Europe before the crash
An article by Fabio De Masi, Stefano Fassina and Oskar Lafontaine
The next financial crisis is on the way. Deregulation of financial markets, privatisation of pension systems, growing social inequality and cutbacks in state spending are increasingly forcing more money onto the financial markets because there is a lack of demand and investment in the real economy.
Since the economic and financial crisis of 2007, the European Central Bank (ECB) has been trying to give artificial respiration to its sick patient Europe by providing cheap money, while bleeding the patient with cutbacks in state spending, wages and pensions.
The cheap money from the ECB does not end up in the real economy because companies and governments are not investing, despite zero interest rates. By contrast, stock exchanges and the wealthy are having a ball because central banks are buying up their securities and propping up rates. As numerous studies – for example that of the Bank of England – prove, this monetary policy has made the rich richer.
The time has therefore come for an uncomfortable truth: when the next financial crisis arrives, the central banks will be completely at their wits’ end. The debate on limiting cash under the pretext of financing terrorism is in fact being conducted because the central banks do not know where to go from here.
Negative interest rates on banks’ deposits with the ECB have not encouraged banks to lend more since companies are not willing to invest. Now therefore EU citizens are to be forced to park their money with banks instead of hiding it underneath the mattress, allowing banks to pass on those penalty rates to their customers and force them to consume. That monetary policy is illogical, undermines trust in legal deposit guarantees and risks provoking a run on banks.
Monetary policy cannot cope if it is not supported by fiscal policy. The fiscal compact, however, has forced many EU states up with the back against the wall. In addition, their scope for fiscal action is also limited because of increased state indebtedness as a result of anti-growth budgetary cuts, bank bail-outs and insufficient wealth taxation.
The ECB should therefore change its course and finance investments instead of financial bubbles. Instead of buying securities from banks and the wealthy and pumping more money into financial markets, the ECB should stimulate the economy.
Mario Draghi could finance public investment, while allowing for the aim of price stability, and thereby pump money into the real economy until, for example, the worryingly high rate of youth employment is cut. That would encourage private investment. Urgently needed services for the future, such as education and research, sufficient housing and a decentralised energy supply have long been neglected. That neglect is avenging itself with full force in the migrant crisis.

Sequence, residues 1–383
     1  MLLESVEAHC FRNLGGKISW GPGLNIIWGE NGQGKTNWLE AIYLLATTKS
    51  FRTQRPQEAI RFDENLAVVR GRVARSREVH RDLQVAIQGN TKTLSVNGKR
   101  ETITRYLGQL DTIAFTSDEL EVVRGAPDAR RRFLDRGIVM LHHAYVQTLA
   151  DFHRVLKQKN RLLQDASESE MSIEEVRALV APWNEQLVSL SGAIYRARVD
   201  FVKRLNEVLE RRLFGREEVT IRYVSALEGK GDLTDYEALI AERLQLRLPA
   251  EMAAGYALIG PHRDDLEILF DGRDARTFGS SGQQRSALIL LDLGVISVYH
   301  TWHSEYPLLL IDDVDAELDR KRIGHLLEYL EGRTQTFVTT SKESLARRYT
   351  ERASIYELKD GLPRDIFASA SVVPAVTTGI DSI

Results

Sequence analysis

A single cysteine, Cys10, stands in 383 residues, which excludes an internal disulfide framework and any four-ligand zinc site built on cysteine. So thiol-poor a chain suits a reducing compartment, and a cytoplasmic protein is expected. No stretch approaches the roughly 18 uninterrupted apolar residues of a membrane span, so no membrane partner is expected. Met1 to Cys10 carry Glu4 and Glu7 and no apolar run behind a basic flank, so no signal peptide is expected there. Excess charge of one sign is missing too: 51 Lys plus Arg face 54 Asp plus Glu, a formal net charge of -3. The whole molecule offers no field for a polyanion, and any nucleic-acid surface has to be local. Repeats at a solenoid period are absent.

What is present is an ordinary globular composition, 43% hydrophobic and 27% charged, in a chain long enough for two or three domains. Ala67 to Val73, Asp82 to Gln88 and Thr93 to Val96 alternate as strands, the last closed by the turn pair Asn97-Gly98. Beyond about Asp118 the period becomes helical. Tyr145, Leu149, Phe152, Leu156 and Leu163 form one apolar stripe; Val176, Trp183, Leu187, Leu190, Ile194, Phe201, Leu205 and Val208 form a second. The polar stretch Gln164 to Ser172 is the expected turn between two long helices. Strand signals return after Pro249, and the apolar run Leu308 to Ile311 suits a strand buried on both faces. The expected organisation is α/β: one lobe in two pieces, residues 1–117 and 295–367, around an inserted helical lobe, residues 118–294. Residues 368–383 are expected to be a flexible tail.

Admittedly, the ECB would have to ignore the prohibition on monetary financing of governments set out in the EU treaties and the Bundesbank. After all, it is not clear why money for banks is good money but money for governments is supposed to be bad money. The property crisis in Spain and the meltdown on the financial markets have shown that banks are no wiser in handling money than governments are.
The ECB could also make credit payments to the bank accounts of low-income private households at the push of a button. This would even be consistent with the EU treaties. That idea hearkens back to the neoliberal economist Milton Friedman, who used the analogy in his monetary theory that central banks could drop money out of a helicopter onto the population. However, financing of investments seems to be more sensible in the long term than a short-lived cash injection to stimulate consumption.
We know that it is unlikely that this proposal will be implemented. In fact, the ECB turned off the money supply in Greece because the Tsipras government initially refused to cut wages and pensions and further destroy the economy. That is why Joseph Stiglitz, winner of the Nobel Memorial Prize in Economic Sciences, and Mervyn King, former governor of the Bank of England, expect the euro to fall apart.
In case of doubt, therefore, governments must implement their own democratic monetary policy. That, however, requires a return to devaluation and revaluation of national currencies within a European Monetary System (EMS). If a southern European central bank were to finance an investment programme, it would put pressure on the new currency. To avoid becoming the victim of currency speculation, those countries that leave the euro could first enter the current EMS with Denmark. The latter would require the participating central banks, including the ECB, to intervene in currency markets if exchange rates were to deviate from their fluctuation band. Regular adjustment of exchange rates would then be up to the finance ministers, according to the EU treaties.
With a new European Monetary System and democratically controlled central banks, the economy in the EU could be rebuilt and Europe’s democracy protected against the ravages of the financial markets.
Oskar Lafontaine is a former federal minister of finance and was chairman of the SPD (Social Democratic Party of Germany) and DIE LINKE (The Left Party) in Germany
Stefano Fassina is a former vice-minister of economics and finance in Italy, worked at the International Monetary Fund (IMF) and is a member of the Chamber of Deputies (for Sinistra Italiana [Italian Left])
Fabio De Masi (DIE LINKE) is a member of the Committee on Economic and Monetary Affairs of the European Parliament